Such was the case on our trip in 2010. A major storm moved in over the area for several days. We lashed down the tent and tried to remain occupied despite the weather. Thing is, when you’re living outside, there aren’t many places to hide.

Knowing that local waterfalls would be epic, we descended the steep stone stairs of Glen Ellis Gorge to see what Glen Ellis Falls would look like. Standing in deep puddles and using covers to protect the gear from the rain, we took a series of ten frames on a dark, brooding sort of scene.

In the time since 2010, I’ve left this set untouched, not quite knowing how to approach it. There were many imperfections that needed to be addressed, including trees and foliage being whipped by the winds, rain on the lens, minimal light and a color balance that was far from good. It was only when I decided to capitalize on the dark, apocalyptic nature of the scene that I found what I was looking for.

We left shortly after this picture was taken. We had had enough.

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Not So Fast   10 comments


Not So Fast

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Rainy days while on vacation aren’t always bad. If the weather keeps you from hiking, you can always drive around and look for good photo opportunities, knowing that the midday sun won’t be a problem. (I say that just to cheer myself up.)

On a road that used to be a well-kept secret lies the Swift River Bridge, built in 1869, which would make it 142 years old. (I say that just to demonstrate my limited math skills.)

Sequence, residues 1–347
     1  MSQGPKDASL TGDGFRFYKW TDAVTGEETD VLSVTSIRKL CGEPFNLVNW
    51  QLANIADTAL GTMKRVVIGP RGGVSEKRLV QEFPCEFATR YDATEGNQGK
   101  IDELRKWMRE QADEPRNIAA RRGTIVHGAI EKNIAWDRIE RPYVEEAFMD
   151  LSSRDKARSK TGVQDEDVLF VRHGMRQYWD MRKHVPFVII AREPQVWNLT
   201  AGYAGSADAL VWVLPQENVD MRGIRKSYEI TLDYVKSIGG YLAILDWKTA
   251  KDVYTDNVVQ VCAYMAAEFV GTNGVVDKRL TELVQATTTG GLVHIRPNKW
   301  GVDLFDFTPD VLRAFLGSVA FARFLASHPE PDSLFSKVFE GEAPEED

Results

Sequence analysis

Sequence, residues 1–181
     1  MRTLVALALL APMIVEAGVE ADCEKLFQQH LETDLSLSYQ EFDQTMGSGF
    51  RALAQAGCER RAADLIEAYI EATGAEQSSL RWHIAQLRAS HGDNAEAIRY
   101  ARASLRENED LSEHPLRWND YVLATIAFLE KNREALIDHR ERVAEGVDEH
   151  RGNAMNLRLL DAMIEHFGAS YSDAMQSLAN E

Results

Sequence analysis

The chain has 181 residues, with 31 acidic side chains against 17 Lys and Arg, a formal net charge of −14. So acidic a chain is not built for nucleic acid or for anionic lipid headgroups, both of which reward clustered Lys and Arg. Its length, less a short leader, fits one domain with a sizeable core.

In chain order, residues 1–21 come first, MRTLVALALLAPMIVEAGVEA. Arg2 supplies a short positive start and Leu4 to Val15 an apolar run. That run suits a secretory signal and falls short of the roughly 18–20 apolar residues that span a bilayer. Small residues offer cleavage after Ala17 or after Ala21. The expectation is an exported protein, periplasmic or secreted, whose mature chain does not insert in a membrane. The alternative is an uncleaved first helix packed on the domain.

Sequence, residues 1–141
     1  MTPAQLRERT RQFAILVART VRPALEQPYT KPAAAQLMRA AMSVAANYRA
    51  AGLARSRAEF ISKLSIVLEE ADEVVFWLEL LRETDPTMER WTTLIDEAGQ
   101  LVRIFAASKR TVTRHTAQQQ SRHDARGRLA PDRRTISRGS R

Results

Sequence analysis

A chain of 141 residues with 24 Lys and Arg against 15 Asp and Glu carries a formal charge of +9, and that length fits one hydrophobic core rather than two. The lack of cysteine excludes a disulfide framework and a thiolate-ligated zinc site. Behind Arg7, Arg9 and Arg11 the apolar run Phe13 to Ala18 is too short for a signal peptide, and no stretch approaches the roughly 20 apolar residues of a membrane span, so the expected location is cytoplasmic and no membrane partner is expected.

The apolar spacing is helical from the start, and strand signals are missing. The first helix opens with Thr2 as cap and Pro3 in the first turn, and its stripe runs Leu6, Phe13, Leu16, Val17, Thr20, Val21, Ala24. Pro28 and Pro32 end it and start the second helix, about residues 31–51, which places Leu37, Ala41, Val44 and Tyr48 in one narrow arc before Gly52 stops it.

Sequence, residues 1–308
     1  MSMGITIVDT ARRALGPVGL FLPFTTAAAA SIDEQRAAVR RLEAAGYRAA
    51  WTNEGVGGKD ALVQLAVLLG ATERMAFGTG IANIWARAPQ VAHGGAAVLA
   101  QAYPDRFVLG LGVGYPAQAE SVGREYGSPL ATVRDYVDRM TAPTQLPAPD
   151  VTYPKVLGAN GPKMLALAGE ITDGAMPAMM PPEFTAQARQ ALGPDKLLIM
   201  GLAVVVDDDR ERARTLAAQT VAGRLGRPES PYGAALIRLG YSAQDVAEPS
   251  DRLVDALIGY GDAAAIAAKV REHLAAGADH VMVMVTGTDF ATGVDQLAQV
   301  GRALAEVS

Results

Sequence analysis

Originally built in 1850, it stood until 1869. At that time, heavy rains swelled the river, lifting the bridge from its foundation, turning it around, and sending it downstream into the Saco River Covered Bridge, which was knocked off its moorings. Both damaged structures broke up and came to rest two miles downstream. In a demonstration of Yankee thrift, much of the lumber salvaged from these two bridges was used in the building of the new Swift River Covered Bridge constructed by Jacob Berry and his son Jacob Jr. The current bridge was bypassed when a new concrete and steel bridge was built nearby in 1974.

I was heartbroken when I heard about a number of covered bridges in Vermont being washed away in the aftermath of Hurricane Irene. Some bridges were 250 years old. As before, perhaps they’ll be replaced with new bridges, but there’s nothing like seeing one of these old beauties standing the test of time.

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Storm at the Stage   14 comments


Storm at the Stage, a view of the White Mountains, New Hampshire, in autumn foliage

Storm at the Stage – @ Rob Hanson Photography

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One of our favorite places to spend our vacation time is in the White Mountains of New Hampshire. We drop our tent in a campground located a bit to the right of this frame, and spend as much time as possible hiking the hills.